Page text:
Willpower not necessary.
“What if some of our fundamental ideas about obesity are just wrong?” – Dr. Peter Attia
I have spent a lot of time over the past few years researching nutrition. I am significantly overweight, but unlike the sensational media would have you think, I don’t get up in the middle of the night and binge. I don’t have a stash of chips hidden away for me to eat in one ugly sitting. I absolutely love vegetables and salsa, and I abhor processed foods. Yet, despite my dedication to following the recommendations of the FDA, I was not able to control my weight until this past year.
My big revelation came when I discovered nutritional typing. The articles I read said that each of us process foods in different ways. I was especially drawn to the protein type. All of the foods on the list were the foods I craved while on a diet. As I was eating my 100% whole wheat bread, I was craving butter. As I ate chicken breast, I was craving chicken thighs. I was such an extreme protein type that I craved vegetables, but have no taste for fruit. Then I realized that all of the food that the “diet” companies told me that I should eat were not on the list. I was overweight because I would eat what I was told, but my body’s essential needs were not being met, so I was in a constant state of hunger.
I think that a high number of overweight people experience the same feelings, but we are told that our weight is simply due to a lack of self-control. I have watched many thin people (my husband included) eat a bunch of junk food all day and not gain weight. My parents were very conscious eaters, yet quite overweight–my dad had a rule that he had to have a salad AND a vegetable at every dinner. I knew that this issue was much more complex than it seemed. We do not need more willpower. We need to eat the food that satisfies our body’s needs.
About a year ago, I cut pasta and most breads out of my diet. (The funny thing was, it was easy to do. I always would take my hot dog out of the bun, because the bun didn’t do much for me. I never liked spaghetti–I just ate it because it was cheap and easy.) As a result of just these changes, I stopped gaining weight for the FIRST TIME in my life. I wasn’t losing weight, because I was still ingesting sugar and flour, but I had figured out how to stop gaining weight without trying.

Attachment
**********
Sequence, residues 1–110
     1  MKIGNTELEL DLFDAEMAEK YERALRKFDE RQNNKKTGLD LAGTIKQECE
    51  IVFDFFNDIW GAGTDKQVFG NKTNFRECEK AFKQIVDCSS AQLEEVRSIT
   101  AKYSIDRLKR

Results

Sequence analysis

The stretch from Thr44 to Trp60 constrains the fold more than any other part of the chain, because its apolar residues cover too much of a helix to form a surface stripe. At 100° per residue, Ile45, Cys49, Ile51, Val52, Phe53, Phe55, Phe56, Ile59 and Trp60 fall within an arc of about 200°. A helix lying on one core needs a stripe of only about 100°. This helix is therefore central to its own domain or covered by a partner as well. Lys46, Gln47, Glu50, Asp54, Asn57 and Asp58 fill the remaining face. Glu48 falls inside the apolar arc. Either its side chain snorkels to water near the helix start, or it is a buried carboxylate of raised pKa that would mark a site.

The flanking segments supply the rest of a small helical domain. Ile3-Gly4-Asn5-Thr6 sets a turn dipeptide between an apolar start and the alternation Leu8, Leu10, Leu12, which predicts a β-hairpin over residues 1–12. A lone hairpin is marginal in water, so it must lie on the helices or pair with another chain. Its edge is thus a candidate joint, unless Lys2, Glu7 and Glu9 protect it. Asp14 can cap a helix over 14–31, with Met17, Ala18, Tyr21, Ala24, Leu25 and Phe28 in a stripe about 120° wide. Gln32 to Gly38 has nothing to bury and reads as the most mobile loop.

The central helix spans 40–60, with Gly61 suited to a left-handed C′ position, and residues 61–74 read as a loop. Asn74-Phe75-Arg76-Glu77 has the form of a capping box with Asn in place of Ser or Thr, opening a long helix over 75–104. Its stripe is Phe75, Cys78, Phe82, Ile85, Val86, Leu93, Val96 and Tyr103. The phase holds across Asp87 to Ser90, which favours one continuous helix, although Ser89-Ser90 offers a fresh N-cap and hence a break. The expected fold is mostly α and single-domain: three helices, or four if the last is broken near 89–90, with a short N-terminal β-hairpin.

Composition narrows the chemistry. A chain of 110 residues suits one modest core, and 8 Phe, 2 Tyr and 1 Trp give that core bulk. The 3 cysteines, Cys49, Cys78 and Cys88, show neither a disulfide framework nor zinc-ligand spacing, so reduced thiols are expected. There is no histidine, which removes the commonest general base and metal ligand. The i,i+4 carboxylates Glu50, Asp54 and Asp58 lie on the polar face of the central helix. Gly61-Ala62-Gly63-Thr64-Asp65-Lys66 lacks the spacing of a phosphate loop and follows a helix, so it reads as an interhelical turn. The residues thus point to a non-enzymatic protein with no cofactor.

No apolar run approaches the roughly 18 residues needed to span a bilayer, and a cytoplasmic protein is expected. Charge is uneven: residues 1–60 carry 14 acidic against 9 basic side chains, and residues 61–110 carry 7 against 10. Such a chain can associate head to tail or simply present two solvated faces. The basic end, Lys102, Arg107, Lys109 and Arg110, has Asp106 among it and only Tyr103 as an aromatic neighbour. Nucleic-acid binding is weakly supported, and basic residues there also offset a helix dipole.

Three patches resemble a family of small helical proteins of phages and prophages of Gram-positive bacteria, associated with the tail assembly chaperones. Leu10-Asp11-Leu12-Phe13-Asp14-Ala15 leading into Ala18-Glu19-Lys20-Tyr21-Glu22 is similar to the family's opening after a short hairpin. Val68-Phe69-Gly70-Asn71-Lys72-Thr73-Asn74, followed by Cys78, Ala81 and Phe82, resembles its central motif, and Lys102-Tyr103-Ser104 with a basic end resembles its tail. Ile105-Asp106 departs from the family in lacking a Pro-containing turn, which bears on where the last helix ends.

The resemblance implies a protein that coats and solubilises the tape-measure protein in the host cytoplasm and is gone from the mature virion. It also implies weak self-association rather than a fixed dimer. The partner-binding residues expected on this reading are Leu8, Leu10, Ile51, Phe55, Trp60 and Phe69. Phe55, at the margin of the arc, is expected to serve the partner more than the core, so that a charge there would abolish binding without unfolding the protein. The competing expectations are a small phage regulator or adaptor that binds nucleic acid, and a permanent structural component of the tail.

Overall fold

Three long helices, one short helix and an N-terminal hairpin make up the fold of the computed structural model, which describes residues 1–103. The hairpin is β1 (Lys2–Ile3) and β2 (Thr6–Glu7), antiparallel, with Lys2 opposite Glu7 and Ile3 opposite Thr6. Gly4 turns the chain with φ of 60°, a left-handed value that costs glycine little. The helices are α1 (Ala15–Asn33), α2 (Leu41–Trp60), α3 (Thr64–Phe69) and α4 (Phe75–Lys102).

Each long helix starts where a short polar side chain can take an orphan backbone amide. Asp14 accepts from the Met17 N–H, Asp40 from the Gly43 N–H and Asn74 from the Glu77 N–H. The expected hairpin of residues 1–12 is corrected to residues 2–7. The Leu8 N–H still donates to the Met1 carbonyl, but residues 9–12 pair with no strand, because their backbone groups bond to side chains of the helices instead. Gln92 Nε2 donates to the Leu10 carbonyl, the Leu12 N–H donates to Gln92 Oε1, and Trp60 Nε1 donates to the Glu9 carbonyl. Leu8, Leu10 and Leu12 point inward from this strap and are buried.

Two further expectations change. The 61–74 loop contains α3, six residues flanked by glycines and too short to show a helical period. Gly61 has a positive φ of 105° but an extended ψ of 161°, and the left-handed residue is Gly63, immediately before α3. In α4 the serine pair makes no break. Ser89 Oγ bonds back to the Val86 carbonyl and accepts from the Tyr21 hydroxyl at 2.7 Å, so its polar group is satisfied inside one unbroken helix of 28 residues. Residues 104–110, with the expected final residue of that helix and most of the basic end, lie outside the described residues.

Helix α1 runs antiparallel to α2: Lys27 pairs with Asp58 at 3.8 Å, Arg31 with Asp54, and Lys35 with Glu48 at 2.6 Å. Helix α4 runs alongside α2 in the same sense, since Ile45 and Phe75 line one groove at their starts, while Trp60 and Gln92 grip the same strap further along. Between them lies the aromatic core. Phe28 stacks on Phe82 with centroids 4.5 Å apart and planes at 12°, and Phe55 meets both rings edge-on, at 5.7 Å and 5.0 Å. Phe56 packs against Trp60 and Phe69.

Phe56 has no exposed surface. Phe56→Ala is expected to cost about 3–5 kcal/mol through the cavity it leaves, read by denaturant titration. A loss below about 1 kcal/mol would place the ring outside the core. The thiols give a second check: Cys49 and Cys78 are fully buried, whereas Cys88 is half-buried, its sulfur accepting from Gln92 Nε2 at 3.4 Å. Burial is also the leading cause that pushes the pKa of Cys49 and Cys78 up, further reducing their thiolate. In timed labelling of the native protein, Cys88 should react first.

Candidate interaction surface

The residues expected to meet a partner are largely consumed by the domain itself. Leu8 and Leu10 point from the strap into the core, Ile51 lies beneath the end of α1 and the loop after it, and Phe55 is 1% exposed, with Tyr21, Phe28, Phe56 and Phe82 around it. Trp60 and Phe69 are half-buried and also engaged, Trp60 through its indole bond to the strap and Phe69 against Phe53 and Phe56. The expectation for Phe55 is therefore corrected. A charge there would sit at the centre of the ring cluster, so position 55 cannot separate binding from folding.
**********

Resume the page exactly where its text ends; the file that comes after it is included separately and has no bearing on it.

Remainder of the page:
I have told a lot of people about my new discovery, but no one wants to believe a fat person when it comes to nutrition. Then, I ran across an interesting TED talk today about the misconceptions that surround obesity. Dr. Peter Attia shares his journey from being a judgmental thin person, to an overweight, insulin-resistant patient, back to a thin, more open-minded doctor. The most interesting thing was that he gained 40 pounds while following the FDA pyramid and exercising three hours a day.
The most significant part of the talk for me is when he realizes that he was following the guidelines that we all have been taught, and he was still sick. He asks the questions:
“How did this happen to me when I was supposedly doing everything right?”
“If the conventional wisdom about nutrition had failed me, was it possible it was failing someone else?”
These are the same questions that prompted my own personal research into nutrition. Now, seeing that someone else who was trying to follow the rules has the same questions, I felt almost vindicated. I also was relieved that I had a “skinny person” that could lend credibility to my argument that the FDA food pyramid is not for everyone. He even talks about eliminating a lot of the food that I have cut out of my diet.
So, if so much that we know about nutrition could be wrong, where do we go from here? I still think that the answer lies in finding out what kind of food your body operates best on. What do you crave when you are limiting your calories? That can be the first step into changing your lifestyle. If you are eating the foods that your body really needs, then you should be able to find a balance with food. That’s what I am betting on. Willpower is not even necessary.